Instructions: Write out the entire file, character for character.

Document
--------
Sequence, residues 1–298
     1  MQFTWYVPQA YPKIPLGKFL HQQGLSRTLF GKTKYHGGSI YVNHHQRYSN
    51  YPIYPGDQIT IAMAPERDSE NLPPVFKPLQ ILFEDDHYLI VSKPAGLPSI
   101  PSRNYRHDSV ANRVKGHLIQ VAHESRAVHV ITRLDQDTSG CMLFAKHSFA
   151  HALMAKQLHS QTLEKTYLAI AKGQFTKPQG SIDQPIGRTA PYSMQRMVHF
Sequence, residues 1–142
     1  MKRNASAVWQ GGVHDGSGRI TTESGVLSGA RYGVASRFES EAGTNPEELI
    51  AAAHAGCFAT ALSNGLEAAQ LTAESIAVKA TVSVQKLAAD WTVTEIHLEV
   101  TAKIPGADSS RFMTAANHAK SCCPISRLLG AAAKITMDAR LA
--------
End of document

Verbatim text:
Sequence, residues 1–298
     1  MQFTWYVPQA YPKIPLGKFL HQQGLSRTLF GKTKYHGGSI YVNHHQRYSN
    51  YPIYPGDQIT IAMAPERDSE NLPPVFKPLQ ILFEDDHYLI VSKPAGLPSI
   101  PSRNYRHDSV ANRVKGHLIQ VAHESRAVHV ITRLDQDTSG CMLFAKHSFA
   151  HALMAKQLHS QTLEKTYLAI AKGQFTKPQG SIDQPIGRTA PYSMQRMVHF
Sequence, residues 1–142
     1  MKRNASAVWQ GGVHDGSGRI TTESGVLSGA RYGVASRFES EAGTNPEELI
    51  AAAHAGCFAT ALSNGLEAAQ LTAESIAVKA TVSVQKLAAD WTVTEIHLEV
   101  TAKIPGADSS RFMTAANHAK SCCPISRLLG AAAKITMDAR LA